First, Second and Third persons... then there is omniscient voice.
You can actually have mixed elements of voices. I never realized the amount of schizophrenia that is a latent presence on the pages of a book. All these voices come from one head, transposed to hopefully lucent pages to form a great story.
To speak as the narrator in a novel, you need to establish distance from a character. The closer you are, the more the character drives the novel and the plot drives the theme less.
I look at the great novelist who mastered the character driven novel. People like Hemingway, who made you feel a part of the character, walking the streets of Spain...
The main character in my manuscript is not held by the narrative voice. The narrator follows him, an after action reporting - My narrator has no prescience, the little man on a my character's shoulder pointing out what Devin Briar does.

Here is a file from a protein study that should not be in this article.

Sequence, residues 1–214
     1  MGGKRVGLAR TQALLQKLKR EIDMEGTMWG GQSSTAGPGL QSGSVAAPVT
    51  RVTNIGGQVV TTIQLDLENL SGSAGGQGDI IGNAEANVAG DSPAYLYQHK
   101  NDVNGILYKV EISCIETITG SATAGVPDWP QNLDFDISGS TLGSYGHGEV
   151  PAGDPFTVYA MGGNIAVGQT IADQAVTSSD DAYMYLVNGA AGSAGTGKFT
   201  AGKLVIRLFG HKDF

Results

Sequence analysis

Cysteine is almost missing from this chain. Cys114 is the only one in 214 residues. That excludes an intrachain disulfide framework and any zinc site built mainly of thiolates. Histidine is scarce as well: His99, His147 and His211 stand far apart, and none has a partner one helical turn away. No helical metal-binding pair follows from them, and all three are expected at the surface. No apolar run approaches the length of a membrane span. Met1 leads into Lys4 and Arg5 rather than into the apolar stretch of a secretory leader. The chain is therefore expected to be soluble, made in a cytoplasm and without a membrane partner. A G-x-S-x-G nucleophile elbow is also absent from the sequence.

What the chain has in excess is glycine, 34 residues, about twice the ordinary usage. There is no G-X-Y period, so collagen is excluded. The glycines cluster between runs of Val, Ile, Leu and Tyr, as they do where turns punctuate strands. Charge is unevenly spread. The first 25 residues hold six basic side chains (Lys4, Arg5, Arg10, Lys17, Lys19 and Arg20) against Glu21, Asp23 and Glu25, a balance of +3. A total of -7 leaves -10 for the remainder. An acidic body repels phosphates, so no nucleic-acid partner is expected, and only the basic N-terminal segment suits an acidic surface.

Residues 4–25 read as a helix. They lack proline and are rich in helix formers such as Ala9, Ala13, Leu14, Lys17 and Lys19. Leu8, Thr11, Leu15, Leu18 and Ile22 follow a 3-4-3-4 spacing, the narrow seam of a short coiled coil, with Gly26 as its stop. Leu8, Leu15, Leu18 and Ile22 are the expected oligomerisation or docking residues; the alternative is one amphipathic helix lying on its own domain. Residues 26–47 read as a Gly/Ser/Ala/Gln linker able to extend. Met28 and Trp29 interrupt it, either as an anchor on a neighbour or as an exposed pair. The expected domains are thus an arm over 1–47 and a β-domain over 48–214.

The narrator also precedes Devin, a before action reporting of what lies ahead or around a corner.
The trick here is balance, or the reader gets lost. Have you ever read a book and found a place that seemed confused? More often than not, it was a slip in narration. The little guy on the shoulder nodded off for an ill timed nap (A writer never writes in slapping the little shoulder guy awake... maybe the Editor should write that part in?)
The narrative is the make or break of any story. The best plot in the world would sound like a list of things done without a great narrative voice.
The next time you read a book, if you loved the main character, tip your hat to the narrator. Without him, I GUARANTEE you would have closed the book at page one.